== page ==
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Impact Of Jio-Facebook Deal
The deal will positively impact the valuation of Jio’s partnership with Facebook in the event it decides to go public. Overall, at a time when the COVID-19 outbreak has thrown the world economy in shambles, this union is a feel-good tiding.
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Three days after Facebook announced its stake in Reliance Industries, its retail e-commerce venture ‘JioMart’ gets its WhatsApp number 88500 and 08000.
In times of mass unemployment, stock market crashes and economic disruption, the Sensex climbed over 700 points. California-based technology and social media giant, Facebook Inc. declared the largest foreign direct investment (FDI) in India’s technology sector yet.
In a recherché union of giants, Facebook announced an investment of Rs. 43,574 crores for a 9.99% stake in Jio Platforms, a subsidiary of Reliance Industries Ltd., making Facebook the largest minority shareholder in Jio Platforms. The entire deal revolves around the development of e-commerce and e-payment business in India. Further, Jio and Facebook’s WhatsApp also entered into a commercial partnership agreement, which gives Facebook a strong foothold in India’s fast-growing market and access to over 388 million internet users – at par with Facebook’s 400 million users on WhatsApp, Instagram, and Facebook.
By virtue of this partnership, several local retailers and kirana merchants list their products on the marketplace model called ‘JioMart,’ and garner benefits of scale and convenience for their customers of home delivery. Several small businesses are already using WhatsApp Business to promote offerings, accept orders and gather feedback, among other things. So enabling consumers to access the nearest kirana stores that can deliver to their houses by transacting impeccably with JioMart using WhatsApp will be an epitome of how, with clean practices, both physical and digital retail can co-exist and flourish. Naturally, the duo’s plans, upon receiving regulatory approvals, are likely outperform even the most consumer-friendly fintech players in India.
Despite the unmatched access to digital India that the duo brings, the move will also facilitate Mukesh Ambani-led Reliance Industries significantly lower its debt – a pressing issue for companies today. As on December 31, the RIL group’s debt stood at Rs. 1,53,100 crore and with this monetisation of digital assets, RIL can also deleverage its balance sheet and aim to be a debt-free group by March, 2021. The deal will positively impact the valuation of Jio’s partnership with Facebook in the event it decides to go public. Overall, at a time when the COVID-19 outbreak has thrown the world economy in shambles, this union is a feel-good tiding.
In addition to strategic business advantage, the deal was perfectly timed to foray into the government-sanctioned payment infrastructure with digital payments on a rapid rise in the wake of the ongoing pandemic. Both companies have payment apps namely, WhatsApp Pay and JioMoney that can together dominate the market. This deal provides adequate leverage to JioMart to effectively compete against deep-pocketed giants like Amazon and Walmart (Flipkart) in India while potentially disrupting the digital payments segment, with the AliBaba-backed PayTM and Walmart’s PhonePe currently facing a financial setback.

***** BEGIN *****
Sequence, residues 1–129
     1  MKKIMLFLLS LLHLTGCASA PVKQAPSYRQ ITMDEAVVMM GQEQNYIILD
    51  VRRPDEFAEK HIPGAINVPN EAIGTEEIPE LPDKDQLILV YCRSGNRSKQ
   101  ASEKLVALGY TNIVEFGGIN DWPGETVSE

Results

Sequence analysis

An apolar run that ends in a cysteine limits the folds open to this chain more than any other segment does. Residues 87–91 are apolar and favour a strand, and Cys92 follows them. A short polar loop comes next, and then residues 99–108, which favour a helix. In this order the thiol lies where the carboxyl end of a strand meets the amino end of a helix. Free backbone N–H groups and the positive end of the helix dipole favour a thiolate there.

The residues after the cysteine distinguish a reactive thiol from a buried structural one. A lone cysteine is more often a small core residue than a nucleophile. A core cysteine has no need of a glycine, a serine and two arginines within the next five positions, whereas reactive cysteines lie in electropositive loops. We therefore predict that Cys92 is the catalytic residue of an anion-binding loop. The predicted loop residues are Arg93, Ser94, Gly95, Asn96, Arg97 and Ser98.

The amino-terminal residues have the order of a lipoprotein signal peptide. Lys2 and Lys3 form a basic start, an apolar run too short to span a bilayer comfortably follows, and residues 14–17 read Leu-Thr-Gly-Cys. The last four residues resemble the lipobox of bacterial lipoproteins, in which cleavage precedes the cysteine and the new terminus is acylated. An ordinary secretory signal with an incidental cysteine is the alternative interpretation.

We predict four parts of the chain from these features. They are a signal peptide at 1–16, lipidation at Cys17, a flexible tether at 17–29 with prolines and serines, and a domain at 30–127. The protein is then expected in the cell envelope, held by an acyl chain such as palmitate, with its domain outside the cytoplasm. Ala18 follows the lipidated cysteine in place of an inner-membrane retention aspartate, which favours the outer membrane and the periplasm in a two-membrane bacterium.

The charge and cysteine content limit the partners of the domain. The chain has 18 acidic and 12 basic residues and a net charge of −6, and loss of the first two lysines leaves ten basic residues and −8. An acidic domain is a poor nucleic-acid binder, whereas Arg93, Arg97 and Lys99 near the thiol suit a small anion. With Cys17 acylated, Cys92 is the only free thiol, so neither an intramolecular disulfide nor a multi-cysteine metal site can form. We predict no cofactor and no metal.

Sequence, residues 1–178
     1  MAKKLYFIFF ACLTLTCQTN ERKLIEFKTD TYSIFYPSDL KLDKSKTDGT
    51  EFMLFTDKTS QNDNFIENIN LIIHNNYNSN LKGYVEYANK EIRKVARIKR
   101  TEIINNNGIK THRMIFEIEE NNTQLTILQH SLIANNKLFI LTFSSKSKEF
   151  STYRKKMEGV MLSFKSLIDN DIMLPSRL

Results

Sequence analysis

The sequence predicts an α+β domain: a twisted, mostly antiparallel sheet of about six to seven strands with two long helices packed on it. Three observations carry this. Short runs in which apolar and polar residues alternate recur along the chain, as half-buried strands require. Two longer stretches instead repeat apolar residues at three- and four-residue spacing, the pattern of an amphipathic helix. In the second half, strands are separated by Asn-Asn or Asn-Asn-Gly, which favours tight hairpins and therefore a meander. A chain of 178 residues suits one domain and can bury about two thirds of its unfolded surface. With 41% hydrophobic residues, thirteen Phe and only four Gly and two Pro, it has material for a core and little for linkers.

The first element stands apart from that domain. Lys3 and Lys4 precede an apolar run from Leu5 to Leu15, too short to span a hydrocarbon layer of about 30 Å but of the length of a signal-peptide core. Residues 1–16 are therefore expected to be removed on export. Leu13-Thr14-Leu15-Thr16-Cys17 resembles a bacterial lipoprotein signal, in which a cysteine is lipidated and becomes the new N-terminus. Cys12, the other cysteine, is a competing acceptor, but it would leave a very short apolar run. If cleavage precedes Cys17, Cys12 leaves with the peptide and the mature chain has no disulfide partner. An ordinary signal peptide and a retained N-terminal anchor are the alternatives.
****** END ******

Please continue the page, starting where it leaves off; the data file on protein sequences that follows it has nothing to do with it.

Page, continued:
Unfortunately, the deal has come in at a time when India is yet to pass the Personal Data Protection law. Collectively, the companies have access to a gargantuan repository of data and are likely to be closely scrutinized by the anti-trust watchdog, the Competition Commission of India. But experts believe that the move has already set stage for digital colonization. There are concerns that the duo will not only eliminate competition in the e-commerce segment by monopolising data but will destroy the concept of net neutrality by way of – predatory pricing, imposing content, and ultimately destroying other retailers. Additionally, Jio is in the talks of creating a super-app, which could also result in the creation of an ecosystem of apps. This could adversely impact not only other tech giants like Google and Amazon but also the Indian startup ecosystem, which is already struggling to compete with technology giants.
By harmonizing their strengths – Reliance’s mammoth distribution network and retail infrastructure and Facebook’s products and technologies – both companies are in a position to capitalize the repository of data while partnering with small kirana shops, as opposed to competing with them. While this will propel customers into online retail and digital payments with relative ease, what it will not ease is the criticism from the government and domestic lobbies, and the deal’s adverse impact on the e-payment, e-commerce giants and startups alike. At a time where India tightened its FDI Policies impacting Chinese investments, this move can be viewed as an example to strengthen ties between USA and India. On the flipside, this deal possesses grey areas which could defeat the purpose of Competition Commission of India (CCI) and Telecom Regulatory Authority of India (TRAI) and necessitates heightened vigilance. Whether this partnership succumbs to data privacy and monopoly concerns, follows suit of Amazon and Walmart’s illegal practices such as violation of FDI rules, predatory pricing, destruction of other retailers, or is truly a double-sided coup – only time will tell.
Disclaimer: The views expressed in the article above are those of the authors' and do not necessarily represent or reflect the views of this publishing house. Unless otherwise noted, the author is writing in his/her personal capacity. They are not intended and should not be thought to represent official ideas, attitudes, or policies of any agency or institution.